To gain further insight in SWP function, the cloning of the gene was undertaken. The swp mutant allele was identified in the Versailles T‐DNA mutant collection. Plants heterozygous for the swp mutation were backcrossed twice to Wassilewskija (WS) wild‐type plants. Subsequently, 1301 swp mutant seedlings were transferred to kanamycin‐containing medium. All of these were kanamycin resistant, indicating a tight linkage between the kanamycin resistance locus of the T‐DNA and the swp mutation. Southern blot analysis of the mutant DNA using probes corresponding to the T‐DNA revealed a single insertion (data not shown). DNA fragments flanking both sides of the T‐DNA were subsequently cloned by inverse PCR and plasmid rescue, and used to screen an Arabidopsis genomic DNA library. Sequencing of several overlapping positive genomic clones and comparison with current databases showed that the cloned fragments were identical to a region of BAC F7O18 at the top of chromosome 3. The T‐DNA is inserted at the 5′ end of a gene encoding a hypothetical protein (Figure 6A) and ∼3 kb downstream of the ATG of the early auxin‐induced gene IAA16 (Kim et al., 1997) situated in an inverse orientation relative to the previous gene. A wild‐type genomic IAA16 clone did not rescue, even partially, the swp mutation (data not shown), indicating that this gene is not affected by the swp mutation. However, insertion of the T‐DNA had a significant effect on the transcription of the neighbouring gene (see below), which was thus a good candidate for SWP.
We identified a truncated EST (H10G5T7) corresponding to the 3′ end of the gene. A complete cDNA sequence was isolated by 5′ RACE PCR. Comparison of the cDNA with the genomic sequence showed that the gene contains six introns and seven exons (Figure 6A). The T‐DNA flanking sequences isolated from the swp mutant indicated that the T‐DNA was inserted 250 bp 5′ of the start codon, close to the predicted transcription start site of the gene. This cDNA has the potential to encode a protein of 1703 amino acids (aa).
Similarity of SWP to Med150/RGR1‐like subunits of Mediator transcriptional regulatory complex
Analysis of the predicted 1703 aa SWP protein sequence indicated that it encodes a hydrophobic protein of 186 kDa, which contains two putative nuclear localization signals (Raikhel, 1992). A serine‐rich region (aa 645–767) was also detected in the predicted protein sequence (complete protein sequence under DDBJ/EMBL/GenBank accession No. AJ511271).
The SWP protein sequence was compared with known proteins in databases using the BLAST program (Altschul et al., 1997). The N‐terminal domain of SWP showed significant sequence similarity to a series of large proteins homologous to the Saccharomyces cerevisiae cMed150/RGR1 protein, a component of the RNA polymerase II Mediator complex (Figure 6E; Li et al., 1995; accession No. P19263). Within this domain, SWP showed 51% similarity (aa 39–284) to the 1454 aa human hMed150/TRAP170 protein (Gu et al., 1999). The 1521 aa Drosophila gene product dMed150/dTRAP170 (accession No. AE003468) displayed 43% similarity to SWP in the N‐terminal domain (aa 39–483). In addition, a short domain of stronger similarities (62%) was detected in the C‐terminal parts of the two proteins (aa 1476–1524 of the SWP sequence, Figure 6F). Significant similarities were also detected to the N‐terminal part of a homologous hypothetical protein from Caenorhabditis elegans. When compared with one another, all these proteins display similar N‐terminal domains. Moreover, their overall sizes are similar (Figure 6E). A comparison with the complete Arabidopsis genome revealed that SWP encodes a unique protein.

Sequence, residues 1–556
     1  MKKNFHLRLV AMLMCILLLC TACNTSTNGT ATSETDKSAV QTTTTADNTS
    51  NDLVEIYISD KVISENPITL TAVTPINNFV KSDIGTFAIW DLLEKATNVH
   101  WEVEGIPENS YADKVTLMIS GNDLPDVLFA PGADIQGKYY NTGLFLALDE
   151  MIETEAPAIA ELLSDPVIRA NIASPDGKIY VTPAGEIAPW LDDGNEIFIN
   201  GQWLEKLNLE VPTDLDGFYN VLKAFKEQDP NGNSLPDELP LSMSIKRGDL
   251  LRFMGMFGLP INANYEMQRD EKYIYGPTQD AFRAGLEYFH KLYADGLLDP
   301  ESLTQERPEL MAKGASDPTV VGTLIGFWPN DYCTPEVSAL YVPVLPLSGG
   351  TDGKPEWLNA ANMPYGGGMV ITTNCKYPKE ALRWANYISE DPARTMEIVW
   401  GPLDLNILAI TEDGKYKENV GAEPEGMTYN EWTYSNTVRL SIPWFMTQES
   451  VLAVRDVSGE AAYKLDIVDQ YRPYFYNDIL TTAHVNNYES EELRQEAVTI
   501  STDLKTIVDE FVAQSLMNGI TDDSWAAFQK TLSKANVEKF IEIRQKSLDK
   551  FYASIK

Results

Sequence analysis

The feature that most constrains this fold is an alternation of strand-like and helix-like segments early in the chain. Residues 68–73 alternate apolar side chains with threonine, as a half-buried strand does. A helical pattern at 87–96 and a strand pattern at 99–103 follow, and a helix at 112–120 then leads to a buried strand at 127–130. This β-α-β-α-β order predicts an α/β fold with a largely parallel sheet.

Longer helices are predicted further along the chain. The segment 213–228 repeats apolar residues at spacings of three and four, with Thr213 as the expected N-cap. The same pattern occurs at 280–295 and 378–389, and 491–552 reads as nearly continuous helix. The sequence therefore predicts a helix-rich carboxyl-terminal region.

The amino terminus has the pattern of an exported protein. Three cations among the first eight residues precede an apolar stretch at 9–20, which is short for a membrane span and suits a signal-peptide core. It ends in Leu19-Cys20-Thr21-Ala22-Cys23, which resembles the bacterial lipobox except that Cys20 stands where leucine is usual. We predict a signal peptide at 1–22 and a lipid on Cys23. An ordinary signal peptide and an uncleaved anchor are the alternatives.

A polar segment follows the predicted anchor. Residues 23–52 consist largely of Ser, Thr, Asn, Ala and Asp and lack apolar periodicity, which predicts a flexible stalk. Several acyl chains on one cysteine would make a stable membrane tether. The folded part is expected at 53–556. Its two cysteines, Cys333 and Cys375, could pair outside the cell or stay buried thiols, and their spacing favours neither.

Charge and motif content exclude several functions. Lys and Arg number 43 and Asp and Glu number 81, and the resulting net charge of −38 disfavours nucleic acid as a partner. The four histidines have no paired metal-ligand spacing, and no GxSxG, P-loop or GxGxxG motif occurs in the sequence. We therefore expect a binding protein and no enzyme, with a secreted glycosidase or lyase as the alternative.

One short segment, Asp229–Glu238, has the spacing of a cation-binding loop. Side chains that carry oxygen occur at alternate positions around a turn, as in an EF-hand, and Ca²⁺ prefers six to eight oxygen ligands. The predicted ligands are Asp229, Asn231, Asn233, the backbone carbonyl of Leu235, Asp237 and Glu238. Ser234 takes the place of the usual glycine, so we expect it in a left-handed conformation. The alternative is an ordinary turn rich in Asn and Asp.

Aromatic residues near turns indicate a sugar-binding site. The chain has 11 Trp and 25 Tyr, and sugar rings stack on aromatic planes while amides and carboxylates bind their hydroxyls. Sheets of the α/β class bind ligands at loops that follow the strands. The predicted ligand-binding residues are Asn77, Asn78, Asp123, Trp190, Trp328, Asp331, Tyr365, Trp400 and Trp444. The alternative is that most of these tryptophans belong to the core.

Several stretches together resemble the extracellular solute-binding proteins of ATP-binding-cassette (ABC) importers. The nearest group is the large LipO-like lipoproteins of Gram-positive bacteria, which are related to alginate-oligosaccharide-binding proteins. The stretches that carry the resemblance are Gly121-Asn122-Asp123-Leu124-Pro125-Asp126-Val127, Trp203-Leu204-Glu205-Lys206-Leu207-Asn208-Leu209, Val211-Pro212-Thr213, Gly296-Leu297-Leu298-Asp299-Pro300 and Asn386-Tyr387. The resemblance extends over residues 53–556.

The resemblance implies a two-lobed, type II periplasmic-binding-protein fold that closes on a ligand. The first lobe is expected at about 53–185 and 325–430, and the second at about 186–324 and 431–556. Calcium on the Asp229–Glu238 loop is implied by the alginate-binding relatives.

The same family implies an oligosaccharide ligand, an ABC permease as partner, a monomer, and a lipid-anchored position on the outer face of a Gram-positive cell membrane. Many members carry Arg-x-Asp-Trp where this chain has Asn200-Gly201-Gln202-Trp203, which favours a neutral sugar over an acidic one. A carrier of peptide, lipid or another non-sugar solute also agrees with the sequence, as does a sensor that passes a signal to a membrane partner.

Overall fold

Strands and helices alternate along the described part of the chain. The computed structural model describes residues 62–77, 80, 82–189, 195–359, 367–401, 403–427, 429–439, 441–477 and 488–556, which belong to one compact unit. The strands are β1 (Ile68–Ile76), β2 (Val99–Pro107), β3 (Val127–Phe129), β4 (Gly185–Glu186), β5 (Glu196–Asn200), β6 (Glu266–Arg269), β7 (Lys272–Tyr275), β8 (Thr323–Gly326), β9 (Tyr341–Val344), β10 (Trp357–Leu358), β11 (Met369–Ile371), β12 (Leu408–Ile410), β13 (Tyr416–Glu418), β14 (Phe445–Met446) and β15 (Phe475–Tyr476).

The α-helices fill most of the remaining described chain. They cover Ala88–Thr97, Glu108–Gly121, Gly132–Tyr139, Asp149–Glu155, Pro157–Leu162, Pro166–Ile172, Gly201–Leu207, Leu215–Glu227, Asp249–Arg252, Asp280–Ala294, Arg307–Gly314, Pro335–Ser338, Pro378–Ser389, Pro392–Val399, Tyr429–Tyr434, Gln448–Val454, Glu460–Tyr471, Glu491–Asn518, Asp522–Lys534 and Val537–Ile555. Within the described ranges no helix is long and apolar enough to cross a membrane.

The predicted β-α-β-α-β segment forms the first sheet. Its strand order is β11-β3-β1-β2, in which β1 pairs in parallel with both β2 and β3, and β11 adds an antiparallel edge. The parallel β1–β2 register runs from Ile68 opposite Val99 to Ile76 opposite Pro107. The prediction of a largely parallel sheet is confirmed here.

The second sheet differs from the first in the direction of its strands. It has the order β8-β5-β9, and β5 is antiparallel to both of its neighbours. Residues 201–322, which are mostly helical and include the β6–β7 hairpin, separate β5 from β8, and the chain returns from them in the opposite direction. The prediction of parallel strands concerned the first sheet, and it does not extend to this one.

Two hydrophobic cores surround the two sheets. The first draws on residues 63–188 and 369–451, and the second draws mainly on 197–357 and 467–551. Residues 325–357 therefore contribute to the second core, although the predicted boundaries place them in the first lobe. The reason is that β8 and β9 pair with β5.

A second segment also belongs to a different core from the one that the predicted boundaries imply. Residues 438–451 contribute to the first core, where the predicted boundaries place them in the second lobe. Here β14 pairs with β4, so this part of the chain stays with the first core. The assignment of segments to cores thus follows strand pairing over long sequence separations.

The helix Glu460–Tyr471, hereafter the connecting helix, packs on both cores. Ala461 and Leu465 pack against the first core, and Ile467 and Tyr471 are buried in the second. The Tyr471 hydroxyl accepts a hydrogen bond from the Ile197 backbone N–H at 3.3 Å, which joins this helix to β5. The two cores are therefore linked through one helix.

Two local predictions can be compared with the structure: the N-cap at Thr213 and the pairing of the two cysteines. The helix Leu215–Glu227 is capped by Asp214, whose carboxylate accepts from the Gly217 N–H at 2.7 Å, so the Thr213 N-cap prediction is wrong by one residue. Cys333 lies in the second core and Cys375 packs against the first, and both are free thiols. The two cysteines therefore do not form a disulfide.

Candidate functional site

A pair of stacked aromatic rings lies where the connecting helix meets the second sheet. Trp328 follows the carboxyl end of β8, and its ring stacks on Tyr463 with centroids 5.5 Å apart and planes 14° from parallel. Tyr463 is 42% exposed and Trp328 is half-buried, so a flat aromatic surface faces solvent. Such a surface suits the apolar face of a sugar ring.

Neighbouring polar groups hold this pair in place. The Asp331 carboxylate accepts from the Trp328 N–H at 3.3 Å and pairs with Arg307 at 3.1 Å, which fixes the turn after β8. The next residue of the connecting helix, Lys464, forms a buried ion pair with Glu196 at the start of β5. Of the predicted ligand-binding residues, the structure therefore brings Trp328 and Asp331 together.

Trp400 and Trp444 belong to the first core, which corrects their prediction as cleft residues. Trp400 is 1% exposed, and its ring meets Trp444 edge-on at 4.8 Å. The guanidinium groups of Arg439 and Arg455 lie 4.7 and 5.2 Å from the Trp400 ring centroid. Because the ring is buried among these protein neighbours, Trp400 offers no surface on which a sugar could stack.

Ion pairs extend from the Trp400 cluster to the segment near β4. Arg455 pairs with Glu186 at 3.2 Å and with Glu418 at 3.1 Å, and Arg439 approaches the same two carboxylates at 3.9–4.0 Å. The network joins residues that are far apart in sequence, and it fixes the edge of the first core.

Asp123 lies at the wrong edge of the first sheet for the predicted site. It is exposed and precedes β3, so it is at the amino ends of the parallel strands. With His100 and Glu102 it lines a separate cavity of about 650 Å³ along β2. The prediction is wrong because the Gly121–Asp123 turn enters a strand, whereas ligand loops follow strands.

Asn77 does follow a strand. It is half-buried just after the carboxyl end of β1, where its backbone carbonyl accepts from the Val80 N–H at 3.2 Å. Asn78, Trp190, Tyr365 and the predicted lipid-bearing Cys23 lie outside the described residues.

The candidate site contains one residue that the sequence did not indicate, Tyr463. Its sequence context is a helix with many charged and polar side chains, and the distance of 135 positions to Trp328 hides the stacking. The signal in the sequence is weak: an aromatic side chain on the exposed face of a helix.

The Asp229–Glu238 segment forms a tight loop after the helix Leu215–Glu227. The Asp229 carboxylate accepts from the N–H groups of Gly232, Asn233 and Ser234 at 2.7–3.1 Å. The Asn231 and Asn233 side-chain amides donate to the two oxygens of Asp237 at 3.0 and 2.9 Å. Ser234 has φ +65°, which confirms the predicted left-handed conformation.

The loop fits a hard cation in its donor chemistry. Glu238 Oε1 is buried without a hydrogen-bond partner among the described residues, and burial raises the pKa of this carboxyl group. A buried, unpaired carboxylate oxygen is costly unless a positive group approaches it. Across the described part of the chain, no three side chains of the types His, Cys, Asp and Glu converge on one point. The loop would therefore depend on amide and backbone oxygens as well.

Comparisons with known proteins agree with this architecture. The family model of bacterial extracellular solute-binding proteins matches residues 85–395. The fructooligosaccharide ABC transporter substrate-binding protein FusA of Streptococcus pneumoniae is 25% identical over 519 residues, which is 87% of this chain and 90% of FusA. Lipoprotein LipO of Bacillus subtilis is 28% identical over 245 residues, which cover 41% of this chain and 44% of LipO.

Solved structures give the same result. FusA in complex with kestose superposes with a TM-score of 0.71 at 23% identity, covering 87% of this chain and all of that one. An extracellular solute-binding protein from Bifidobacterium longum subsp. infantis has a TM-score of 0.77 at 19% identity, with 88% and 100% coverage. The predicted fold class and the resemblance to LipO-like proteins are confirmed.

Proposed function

Complementation of the swp mutant
To confirm that we had identified the SWP gene, a wild‐type genomic sequence encompassing the SWP candidate gene (Figure 6A) was cloned into a plant transformation vector containing hygromycin resistance and used to transform kanamycin‐resistant plants heterozygous for the swp mutation. All 310 hygromycin‐ and kanamycin‐resistant primary transformants (T1) displayed a wild‐type phenotype at the seedling level (cotyledon shape, initiation of the first leaf pair; Figure 6B). Twenty‐two of these T1 plants were transferred to soil. Mature plants were all normal and fertile. Analysis of the T2 progeny revealed that 11 of the transferred T1 plants were homozygous for kanamycin resistance, and thus for the swp mutation, and heterozygous for hygromycin resistance. As expected for such a genotype, all T2 offspring (943 observed seedlings) were kanamycin resistant, while a quarter were composed of hygromycin‐sensitive mutant seedlings (mean values are 31.5 hygromycin sensitive versus 149.1 resistant plants). The remaining 50% of the T1 plants were heterozygous for both resistance markers. This demonstrated that even a single copy of the construct employed was able to restore a wild‐type phenotype. This result showed that we had identified the SWP gene and confirmed that swp is a loss of function mutation.